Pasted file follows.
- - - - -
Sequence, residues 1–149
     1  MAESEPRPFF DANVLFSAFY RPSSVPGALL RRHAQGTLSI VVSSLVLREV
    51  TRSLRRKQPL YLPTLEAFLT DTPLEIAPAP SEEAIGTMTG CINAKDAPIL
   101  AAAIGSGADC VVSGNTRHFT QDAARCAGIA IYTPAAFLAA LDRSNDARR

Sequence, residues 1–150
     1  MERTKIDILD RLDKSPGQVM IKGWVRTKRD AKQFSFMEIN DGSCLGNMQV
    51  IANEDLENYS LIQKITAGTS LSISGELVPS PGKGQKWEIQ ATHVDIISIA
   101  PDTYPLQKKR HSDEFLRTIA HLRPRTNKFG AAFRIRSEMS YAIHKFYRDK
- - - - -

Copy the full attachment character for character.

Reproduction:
Sequence, residues 1–149
     1  MAESEPRPFF DANVLFSAFY RPSSVPGALL RRHAQGTLSI VVSSLVLREV
    51  TRSLRRKQPL YLPTLEAFLT DTPLEIAPAP SEEAIGTMTG CINAKDAPIL
   101  AAAIGSGADC VVSGNTRHFT QDAARCAGIA IYTPAAFLAA LDRSNDARR

Sequence, residues 1–150
     1  MERTKIDILD RLDKSPGQVM IKGWVRTKRD AKQFSFMEIN DGSCLGNMQV
    51  IANEDLENYS LIQKITAGTS LSISGELVPS PGKGQKWEIQ ATHVDIISIA
   101  PDTYPLQKKR HSDEFLRTIA HLRPRTNKFG AAFRIRSEMS YAIHKFYRDK